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OU on the BBC: Jimmy Doherty In Darwin's Garden - The Storm Breaks

Updated Tuesday 24th February 2009

Figuring experiments on plants might be less contentious than animals, Darwin got back to work as the Storm Breaks.

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Jimmy and a leopard Copyrighted image Icon Copyright: Production team

Jimmy visits the experiments that Darwin did immediately after the publication of On The Origin Of Species in 1859 and therefore concentrates, mostly, on his ingenious work on plants.

Darwin knew his theory would be controversial so, while he chose plants as an easier field upon which to experiment, he also knew they'd prove a less contentious testing-ground than animals.

Jimmy starts with Darwin’s work on insect-eating plants, in particular why the sundew traps and digest insects. Darwin explored this topic by feeding the sundew with many different types of foods. Jimmy, like Darwin finds out that they go for the nitrogen in the food. Darwin concluded that because insect-eating plants live in marshes where there is little nitrogen they have evolved to get their nitrogen supply by eating insects rich in the element.

Darwin was interested in the relationship between plants and animals and he was always looking for parallels between the two. This is why he tried to chloroform a Venus fly trap; he also became fascinated by climbing plants. Jimmy recreates the apparatus that Darwin used to follow the slow movements of climbing plants.

One topic that particularly interested Darwin was sexual reproduction. He was puzzled as to why peacocks had such long and elaborate tails, and also whether plants had sex.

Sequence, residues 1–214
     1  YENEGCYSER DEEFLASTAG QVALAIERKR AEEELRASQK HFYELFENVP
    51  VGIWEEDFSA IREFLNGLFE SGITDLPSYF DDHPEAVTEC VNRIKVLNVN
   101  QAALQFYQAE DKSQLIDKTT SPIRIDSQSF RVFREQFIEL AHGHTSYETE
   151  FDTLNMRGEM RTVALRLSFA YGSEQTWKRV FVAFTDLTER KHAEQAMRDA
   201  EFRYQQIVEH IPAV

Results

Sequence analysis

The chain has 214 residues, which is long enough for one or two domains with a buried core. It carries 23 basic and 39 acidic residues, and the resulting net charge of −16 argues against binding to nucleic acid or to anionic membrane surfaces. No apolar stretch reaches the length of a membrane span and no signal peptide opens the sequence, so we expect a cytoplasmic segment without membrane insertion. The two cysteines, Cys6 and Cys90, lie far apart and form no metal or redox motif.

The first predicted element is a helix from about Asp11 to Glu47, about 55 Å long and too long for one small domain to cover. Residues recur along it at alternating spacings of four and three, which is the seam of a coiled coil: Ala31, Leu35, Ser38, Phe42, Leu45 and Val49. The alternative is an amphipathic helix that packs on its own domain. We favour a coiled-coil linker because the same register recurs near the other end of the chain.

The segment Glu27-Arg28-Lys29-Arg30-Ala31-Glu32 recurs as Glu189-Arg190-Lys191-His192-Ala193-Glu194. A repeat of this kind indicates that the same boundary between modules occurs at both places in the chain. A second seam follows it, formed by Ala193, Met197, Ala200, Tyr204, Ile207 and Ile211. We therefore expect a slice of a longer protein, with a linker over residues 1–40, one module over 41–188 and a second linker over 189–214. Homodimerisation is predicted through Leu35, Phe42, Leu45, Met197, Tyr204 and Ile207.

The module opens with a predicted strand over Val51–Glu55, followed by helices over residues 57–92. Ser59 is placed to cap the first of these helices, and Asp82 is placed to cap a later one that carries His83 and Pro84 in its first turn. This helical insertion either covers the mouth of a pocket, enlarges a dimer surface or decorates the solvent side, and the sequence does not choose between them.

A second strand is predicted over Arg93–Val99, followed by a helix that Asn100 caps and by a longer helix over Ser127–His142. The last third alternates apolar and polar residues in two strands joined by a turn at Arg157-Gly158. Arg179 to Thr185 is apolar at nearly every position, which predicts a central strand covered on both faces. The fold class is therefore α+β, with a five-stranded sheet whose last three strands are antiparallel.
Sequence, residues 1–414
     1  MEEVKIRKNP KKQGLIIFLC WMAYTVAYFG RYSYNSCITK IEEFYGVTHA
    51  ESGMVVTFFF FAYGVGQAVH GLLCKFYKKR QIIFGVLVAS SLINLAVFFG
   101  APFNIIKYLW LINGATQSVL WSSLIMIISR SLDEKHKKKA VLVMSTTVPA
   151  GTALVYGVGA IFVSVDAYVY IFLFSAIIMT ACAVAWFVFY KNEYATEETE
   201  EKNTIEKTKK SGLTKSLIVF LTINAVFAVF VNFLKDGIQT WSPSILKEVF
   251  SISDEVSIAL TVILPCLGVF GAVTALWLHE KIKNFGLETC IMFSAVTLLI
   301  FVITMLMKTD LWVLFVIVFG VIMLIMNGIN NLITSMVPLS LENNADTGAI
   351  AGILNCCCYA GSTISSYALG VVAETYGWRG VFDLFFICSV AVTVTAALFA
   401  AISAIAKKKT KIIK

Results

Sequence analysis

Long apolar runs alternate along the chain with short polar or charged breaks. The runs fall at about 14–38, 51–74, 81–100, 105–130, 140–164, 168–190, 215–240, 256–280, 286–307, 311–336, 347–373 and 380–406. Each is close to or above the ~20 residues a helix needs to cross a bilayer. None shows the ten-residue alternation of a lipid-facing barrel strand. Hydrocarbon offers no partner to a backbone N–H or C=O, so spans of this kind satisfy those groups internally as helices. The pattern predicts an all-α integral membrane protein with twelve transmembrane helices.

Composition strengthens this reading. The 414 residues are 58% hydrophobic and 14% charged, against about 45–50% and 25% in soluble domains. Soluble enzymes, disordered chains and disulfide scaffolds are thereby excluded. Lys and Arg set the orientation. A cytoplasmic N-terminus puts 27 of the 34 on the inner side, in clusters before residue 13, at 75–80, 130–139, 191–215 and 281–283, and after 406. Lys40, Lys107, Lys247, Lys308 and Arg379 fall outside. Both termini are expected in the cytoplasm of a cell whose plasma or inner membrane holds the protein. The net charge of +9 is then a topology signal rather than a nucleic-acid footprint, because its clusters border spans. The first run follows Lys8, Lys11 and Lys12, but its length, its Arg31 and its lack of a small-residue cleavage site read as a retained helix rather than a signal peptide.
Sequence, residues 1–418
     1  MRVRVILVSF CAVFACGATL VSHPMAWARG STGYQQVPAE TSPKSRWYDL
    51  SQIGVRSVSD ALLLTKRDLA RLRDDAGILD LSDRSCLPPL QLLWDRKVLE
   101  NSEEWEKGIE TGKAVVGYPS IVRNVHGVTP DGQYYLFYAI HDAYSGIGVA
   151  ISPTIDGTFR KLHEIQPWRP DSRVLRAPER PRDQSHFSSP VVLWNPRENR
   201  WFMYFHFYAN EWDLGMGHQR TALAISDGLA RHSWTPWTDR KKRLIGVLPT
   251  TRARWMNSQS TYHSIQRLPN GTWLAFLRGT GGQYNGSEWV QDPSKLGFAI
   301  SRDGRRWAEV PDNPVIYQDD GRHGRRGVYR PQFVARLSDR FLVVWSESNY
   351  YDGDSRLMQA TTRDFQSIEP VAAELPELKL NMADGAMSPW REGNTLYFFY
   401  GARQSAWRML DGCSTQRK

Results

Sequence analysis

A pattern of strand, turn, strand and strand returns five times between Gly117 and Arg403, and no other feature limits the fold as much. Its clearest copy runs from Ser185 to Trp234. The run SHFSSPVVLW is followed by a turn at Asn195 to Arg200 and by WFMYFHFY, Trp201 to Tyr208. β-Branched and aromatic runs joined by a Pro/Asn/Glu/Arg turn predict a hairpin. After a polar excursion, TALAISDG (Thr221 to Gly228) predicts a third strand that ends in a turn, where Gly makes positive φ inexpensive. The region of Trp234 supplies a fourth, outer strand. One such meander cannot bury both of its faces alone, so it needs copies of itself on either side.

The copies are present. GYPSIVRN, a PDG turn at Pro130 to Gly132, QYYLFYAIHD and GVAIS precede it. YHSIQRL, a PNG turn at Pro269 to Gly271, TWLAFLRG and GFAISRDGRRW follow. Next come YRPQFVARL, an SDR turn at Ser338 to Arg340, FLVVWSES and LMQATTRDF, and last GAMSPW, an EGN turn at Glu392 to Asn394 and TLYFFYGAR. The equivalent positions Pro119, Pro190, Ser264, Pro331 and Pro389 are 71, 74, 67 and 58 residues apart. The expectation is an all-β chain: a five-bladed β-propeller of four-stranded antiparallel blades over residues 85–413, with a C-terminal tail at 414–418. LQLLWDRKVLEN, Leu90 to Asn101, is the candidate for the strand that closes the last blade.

Darwin, more than any other botanist, discovered how most flowers go to extraordinary lengths to ensure they have sex with another flower. Jimmy uses a pencil to probe a catesetum orchid.

 

And with the help of David Kohn and John Parker, Jimmy does an ambitious plant-breeding experiment. This reveals that the offspring of self-fertilised plants fare much worse than cross-fertilised plants, a subject that pre-occupied Darwin, partly because of his first cousin marriage with his wife Emma Wedgewood.

The film concludes with the Oxford Debate when Thomas Huxley and Samuel Wilberforce argue about the merits of Darwin’s theory. It becomes clear from the debate that the subject the general public is most interested in is human evolution, a topic that up to that point Darwin had rarely spoken about…

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Watch as Jimmy prepares for the peacock experiment.

Join in the debate in the comments area.

 

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